Congratulations on your new position or your big raise. You may not realize it, but when your income rises, your spending tends to rise too. If something were to happen to you, you'd probably want your family to be able to maintain their new and improved lifestyle. That's why it makes a lot of sense to re-assess your life insurance coverage whenever your income rises.
If you determine that you need additional coverage, the first thing you'll want to do is find out if your life insurance benefit through work (assuming, of course, that you have such a benefit) has increased along with your compensation. Many group plans will tie life insurance benefits to your annual income. So if you get a $5,000 raise and your company's life insurance plan will pay two times your income if you die, then your death benefit will increase by $10,000.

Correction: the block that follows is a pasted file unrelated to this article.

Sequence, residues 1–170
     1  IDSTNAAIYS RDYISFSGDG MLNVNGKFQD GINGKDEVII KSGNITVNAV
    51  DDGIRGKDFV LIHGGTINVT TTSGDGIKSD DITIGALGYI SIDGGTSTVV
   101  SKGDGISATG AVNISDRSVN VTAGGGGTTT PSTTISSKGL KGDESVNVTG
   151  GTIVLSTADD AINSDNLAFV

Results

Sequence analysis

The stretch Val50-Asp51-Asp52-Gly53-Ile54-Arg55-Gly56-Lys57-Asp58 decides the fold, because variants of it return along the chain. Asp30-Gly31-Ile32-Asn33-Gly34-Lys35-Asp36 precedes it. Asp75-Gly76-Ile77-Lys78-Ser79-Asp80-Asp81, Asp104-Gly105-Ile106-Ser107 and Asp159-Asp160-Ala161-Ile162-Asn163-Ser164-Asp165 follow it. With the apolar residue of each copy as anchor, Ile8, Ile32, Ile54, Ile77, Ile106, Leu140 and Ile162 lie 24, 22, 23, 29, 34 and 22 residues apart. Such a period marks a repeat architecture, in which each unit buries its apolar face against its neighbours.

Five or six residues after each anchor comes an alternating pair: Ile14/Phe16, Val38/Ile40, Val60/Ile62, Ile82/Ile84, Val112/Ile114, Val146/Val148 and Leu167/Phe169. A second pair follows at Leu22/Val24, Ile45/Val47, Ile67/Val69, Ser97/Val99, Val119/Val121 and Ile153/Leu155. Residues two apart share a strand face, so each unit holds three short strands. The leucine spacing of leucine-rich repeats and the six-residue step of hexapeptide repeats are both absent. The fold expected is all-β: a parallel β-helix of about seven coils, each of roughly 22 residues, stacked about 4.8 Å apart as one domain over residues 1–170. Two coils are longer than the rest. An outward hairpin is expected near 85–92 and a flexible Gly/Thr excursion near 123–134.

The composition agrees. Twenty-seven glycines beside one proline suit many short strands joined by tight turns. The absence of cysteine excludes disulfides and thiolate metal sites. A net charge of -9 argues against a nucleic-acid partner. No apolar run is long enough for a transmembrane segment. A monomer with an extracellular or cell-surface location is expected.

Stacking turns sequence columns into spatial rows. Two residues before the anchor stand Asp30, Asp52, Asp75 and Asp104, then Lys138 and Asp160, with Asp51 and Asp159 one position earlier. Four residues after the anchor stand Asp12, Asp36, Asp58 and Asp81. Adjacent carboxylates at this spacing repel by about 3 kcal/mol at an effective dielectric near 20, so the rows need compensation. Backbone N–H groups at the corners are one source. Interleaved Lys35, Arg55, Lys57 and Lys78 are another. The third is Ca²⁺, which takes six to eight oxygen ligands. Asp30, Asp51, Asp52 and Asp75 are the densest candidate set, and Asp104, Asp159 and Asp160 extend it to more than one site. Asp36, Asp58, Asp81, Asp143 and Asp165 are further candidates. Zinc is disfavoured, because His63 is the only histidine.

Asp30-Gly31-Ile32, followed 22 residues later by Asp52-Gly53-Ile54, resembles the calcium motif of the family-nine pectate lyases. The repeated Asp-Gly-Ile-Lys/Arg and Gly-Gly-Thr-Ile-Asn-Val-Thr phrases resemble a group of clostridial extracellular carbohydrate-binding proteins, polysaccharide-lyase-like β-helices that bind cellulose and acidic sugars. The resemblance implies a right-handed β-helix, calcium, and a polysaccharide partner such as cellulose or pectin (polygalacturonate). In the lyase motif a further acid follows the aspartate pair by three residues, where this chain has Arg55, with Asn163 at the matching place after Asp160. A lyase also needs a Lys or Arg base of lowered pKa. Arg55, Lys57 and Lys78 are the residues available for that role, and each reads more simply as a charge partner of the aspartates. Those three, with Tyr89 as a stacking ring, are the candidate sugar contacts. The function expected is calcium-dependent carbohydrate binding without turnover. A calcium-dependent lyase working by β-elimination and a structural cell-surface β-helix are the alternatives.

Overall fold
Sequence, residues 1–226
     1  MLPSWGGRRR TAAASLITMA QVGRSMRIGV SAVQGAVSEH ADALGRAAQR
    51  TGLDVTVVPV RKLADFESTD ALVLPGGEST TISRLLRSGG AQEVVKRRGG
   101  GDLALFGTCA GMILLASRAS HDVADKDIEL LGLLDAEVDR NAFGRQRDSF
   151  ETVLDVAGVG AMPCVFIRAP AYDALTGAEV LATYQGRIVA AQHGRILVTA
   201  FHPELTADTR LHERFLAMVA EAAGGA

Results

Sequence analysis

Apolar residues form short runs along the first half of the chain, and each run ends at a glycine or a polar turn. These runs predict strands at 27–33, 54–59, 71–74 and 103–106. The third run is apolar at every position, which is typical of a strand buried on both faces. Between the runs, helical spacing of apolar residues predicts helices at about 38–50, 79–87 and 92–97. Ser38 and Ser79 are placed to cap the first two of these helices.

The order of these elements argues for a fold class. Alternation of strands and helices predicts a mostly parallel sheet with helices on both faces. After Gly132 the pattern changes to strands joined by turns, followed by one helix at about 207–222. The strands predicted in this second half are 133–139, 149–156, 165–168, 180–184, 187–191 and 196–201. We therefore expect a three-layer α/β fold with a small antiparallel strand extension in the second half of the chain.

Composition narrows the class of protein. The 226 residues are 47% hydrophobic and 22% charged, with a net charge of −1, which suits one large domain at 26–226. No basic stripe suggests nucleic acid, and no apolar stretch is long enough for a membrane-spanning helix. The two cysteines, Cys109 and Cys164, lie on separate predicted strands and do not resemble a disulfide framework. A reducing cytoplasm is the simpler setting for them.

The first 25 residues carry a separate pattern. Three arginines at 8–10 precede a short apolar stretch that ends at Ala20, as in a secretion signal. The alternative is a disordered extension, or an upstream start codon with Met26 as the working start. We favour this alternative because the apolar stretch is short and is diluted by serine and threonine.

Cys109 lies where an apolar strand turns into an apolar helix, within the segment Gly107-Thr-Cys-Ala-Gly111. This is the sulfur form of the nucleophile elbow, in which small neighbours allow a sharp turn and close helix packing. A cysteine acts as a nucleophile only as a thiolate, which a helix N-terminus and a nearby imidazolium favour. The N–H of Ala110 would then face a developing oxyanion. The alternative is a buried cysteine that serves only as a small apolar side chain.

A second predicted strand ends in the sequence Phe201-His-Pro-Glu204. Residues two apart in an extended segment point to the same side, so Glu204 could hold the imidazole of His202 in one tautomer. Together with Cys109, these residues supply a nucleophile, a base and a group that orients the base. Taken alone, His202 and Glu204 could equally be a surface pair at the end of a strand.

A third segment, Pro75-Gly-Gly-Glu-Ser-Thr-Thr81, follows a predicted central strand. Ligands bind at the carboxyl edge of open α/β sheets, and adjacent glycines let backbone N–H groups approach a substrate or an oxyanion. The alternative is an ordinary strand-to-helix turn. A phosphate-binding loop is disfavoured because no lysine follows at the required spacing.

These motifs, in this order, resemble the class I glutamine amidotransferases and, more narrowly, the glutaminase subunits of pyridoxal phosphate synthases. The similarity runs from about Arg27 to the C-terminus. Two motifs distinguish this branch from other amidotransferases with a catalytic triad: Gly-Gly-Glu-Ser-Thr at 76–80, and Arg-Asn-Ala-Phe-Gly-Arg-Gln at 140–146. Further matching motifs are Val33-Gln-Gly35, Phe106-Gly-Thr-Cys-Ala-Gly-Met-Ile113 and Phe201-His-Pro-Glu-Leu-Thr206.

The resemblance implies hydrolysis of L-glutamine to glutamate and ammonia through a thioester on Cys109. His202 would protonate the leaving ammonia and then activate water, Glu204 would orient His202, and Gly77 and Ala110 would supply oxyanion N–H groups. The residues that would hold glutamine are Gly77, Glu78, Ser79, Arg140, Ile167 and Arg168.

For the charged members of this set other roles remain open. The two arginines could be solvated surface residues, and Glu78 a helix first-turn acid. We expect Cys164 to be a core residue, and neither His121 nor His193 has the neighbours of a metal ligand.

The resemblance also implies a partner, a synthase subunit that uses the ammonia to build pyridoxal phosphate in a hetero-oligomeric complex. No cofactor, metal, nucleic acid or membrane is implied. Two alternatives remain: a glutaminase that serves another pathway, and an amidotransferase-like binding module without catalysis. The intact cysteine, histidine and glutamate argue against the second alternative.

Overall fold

If you feel that's not enough, many employers will give you the option to increase your coverage, often through a payroll deduction. Determining whether to take advantage of this option usually depends on your age and health status. How so? With most group plans, employees are offered the same premium as others in their general age bracket (e.g., 25-34 year olds), regardless of their health status or actual age. So if you're healthy or near the lower end of your age bracket, this one-size-fits-all premium may be higher than what you would find if you shopped around on your own. On the other hand, if you're an older employee or perhaps suffer from a chronic health condition, increasing your coverage through work might be a great option because you might not be able to find a policy on the open market that's as affordable as what your employer is offering.